Can science fix your broken heart?

Written by Francesca Lake

‘Love is the drug’, but could drugs and other tech help heal a broken heart when that love is over?

A broken heart results in activation of brain regions associated with craving, obsession and pain, and to a range of symptoms including nausea, insomnia and depression. In some very rare instances, it can even lead to ‘broken heart syndrome’, which results in symptoms similar to those of a heart attack and, rarely, death.

Otherwise known as Takotsubo syndrome, broken heart syndrome is usually a result of severe stress that causes the heart’s left ventricle to weaken. Regions of the brain involved in processing heart function and the autonomic nervous system have been implicated in broken heart syndrome.

While approximately 95% of people recover from broken heart syndrome, and we pretty much all survive heartbreak at some point or another, it takes a lot to beat. However, scientists might soon be able to help on the road to recovery, through technology and/or existing drugs.

In one example, in 2019, a team at the Technical University of Madrid (Spain) demonstrated that administration of a sedative, propofol, immediately after recall of a story caused that memory to be less vivid 24 hours later.

Another study has shown that taking the beta blocker propranolol 1-hour prior to a recall session can also reduce the emotional pain associated with the memory. While these studies were initially targeted towards PTSD, there is scope for the drugs to be used to suppress feelings of heartbreak, where symptoms can be similar to those experiencing trauma.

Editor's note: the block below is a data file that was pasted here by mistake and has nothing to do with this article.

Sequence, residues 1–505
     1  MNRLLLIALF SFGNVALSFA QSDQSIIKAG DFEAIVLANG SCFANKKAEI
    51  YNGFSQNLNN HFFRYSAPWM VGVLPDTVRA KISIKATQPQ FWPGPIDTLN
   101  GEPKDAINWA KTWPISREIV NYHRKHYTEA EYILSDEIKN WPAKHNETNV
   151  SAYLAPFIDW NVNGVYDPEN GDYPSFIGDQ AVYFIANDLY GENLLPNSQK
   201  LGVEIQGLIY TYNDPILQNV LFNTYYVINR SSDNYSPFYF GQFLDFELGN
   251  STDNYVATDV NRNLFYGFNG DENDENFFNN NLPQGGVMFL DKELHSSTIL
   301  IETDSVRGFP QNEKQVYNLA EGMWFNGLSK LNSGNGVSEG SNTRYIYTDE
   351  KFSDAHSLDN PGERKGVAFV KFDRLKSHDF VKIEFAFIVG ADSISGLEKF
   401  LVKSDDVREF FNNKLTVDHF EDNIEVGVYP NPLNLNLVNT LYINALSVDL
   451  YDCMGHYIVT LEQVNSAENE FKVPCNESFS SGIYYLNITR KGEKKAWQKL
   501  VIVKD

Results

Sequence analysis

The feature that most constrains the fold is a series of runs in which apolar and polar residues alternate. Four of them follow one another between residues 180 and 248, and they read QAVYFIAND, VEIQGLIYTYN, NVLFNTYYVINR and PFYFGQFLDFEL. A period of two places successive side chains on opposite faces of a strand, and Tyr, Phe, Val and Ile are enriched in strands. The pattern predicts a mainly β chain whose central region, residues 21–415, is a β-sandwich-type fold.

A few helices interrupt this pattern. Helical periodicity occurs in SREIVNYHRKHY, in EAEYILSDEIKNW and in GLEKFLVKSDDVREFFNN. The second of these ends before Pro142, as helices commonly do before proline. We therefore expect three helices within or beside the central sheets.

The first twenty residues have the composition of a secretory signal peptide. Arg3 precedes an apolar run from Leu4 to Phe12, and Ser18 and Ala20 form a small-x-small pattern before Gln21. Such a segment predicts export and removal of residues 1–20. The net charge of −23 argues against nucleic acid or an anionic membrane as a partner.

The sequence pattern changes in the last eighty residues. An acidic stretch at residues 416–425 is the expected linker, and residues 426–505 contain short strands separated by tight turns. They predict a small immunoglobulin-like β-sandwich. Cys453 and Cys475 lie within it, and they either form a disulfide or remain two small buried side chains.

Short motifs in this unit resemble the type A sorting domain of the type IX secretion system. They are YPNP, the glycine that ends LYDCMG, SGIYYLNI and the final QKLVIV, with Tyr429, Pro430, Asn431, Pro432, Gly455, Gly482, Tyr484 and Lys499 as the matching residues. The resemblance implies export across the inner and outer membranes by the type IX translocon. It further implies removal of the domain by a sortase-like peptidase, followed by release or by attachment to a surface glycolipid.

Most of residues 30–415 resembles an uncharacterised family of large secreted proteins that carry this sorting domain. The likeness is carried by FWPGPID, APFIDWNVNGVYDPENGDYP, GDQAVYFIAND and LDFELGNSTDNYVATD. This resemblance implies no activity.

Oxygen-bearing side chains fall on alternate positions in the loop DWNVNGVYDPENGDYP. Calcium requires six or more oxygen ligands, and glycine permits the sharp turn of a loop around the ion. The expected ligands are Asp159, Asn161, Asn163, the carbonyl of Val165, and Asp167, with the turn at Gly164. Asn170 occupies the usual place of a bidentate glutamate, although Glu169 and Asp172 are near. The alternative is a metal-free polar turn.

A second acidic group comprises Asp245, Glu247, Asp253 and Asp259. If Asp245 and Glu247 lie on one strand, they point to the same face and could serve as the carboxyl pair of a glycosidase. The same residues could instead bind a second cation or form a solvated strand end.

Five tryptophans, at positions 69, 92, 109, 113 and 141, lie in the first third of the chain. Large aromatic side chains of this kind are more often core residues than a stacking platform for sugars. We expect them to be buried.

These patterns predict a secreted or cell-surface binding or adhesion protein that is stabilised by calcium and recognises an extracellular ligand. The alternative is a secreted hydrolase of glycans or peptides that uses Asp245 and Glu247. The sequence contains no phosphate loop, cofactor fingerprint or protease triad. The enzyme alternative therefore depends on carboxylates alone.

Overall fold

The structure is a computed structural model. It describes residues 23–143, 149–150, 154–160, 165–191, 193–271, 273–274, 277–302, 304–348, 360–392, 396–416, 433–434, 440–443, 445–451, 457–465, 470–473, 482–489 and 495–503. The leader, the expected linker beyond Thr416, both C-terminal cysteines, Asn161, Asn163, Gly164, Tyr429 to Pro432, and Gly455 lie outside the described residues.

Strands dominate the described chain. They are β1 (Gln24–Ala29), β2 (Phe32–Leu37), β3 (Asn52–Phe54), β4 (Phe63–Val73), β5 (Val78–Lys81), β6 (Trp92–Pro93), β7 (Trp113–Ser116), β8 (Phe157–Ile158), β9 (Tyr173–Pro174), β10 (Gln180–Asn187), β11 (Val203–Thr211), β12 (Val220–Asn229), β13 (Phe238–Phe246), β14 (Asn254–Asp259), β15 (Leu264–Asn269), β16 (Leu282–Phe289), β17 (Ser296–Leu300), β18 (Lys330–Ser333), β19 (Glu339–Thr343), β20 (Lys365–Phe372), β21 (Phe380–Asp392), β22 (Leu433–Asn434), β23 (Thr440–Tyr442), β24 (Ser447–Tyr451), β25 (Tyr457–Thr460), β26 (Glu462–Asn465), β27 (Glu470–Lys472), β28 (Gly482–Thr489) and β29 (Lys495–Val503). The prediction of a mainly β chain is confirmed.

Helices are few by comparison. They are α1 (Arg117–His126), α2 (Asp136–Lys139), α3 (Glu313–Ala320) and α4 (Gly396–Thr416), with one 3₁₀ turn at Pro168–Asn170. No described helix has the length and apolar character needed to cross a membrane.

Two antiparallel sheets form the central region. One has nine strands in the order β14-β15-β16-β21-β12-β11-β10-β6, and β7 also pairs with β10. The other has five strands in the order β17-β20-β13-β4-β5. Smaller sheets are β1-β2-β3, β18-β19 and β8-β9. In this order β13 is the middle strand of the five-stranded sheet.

Virtual realityCould virtual reality improve your response to danger?

How would you react in an emergency? Virtual reality simulation could show your realistic response and help provide training for real-life situations.

In addition to drug research, a wave of apps has also been released, purporting to help soothe heartbreak through guidance, advice and distraction.

“Love is very addictive,” commented Barbara Sahakian, a professor of clinical neuropsychology at the University of Cambridge (UK), and launcher of one such app, Decoder. “It’s like your reward system is activated by that person. If they leave you, you have to get rid of that habitual, compulsive need to see them, text them and hear their voice…the best way to do that is through distraction and using your time in other ways.”

It is perhaps intriguing that, with love now often found using apps, we could go full circle and end it using apps, too.

Other, more controversial, options include eye movement desensitization and neurofeedback, which sees the brain ‘retrained’ through electroencephalography. However, these are only supported by small-scale studies.

Another intriguing option has been coined ‘anti-love biotechnology’. Brian Earp, author of an article discussing the ethics of using neurotechnologies that affect relationships noted that this ‘anti-love biotechnology’ is already a side effect of currently available medications – such as serotonin reuptake inhibitors, a type of antidepressant – but that we do not fully understand it given we do not tend to study the interpersonal effects of common drugs.

While diminishing the mental pain of heartbreak might seem like a no brainer, there are ethical implications in tampering with our emotional memories – memories we often learn from. “Might drugs one day be used to intentionally sever a romantic bond?” queried Earp. “We would need to agree on an ethical framework for handling such cases.”

It’s clear that while science cannot currently promise to heal a broken heart, it is highly probably it could in the future. Yet, this brings about the question: should we unbreak a heart?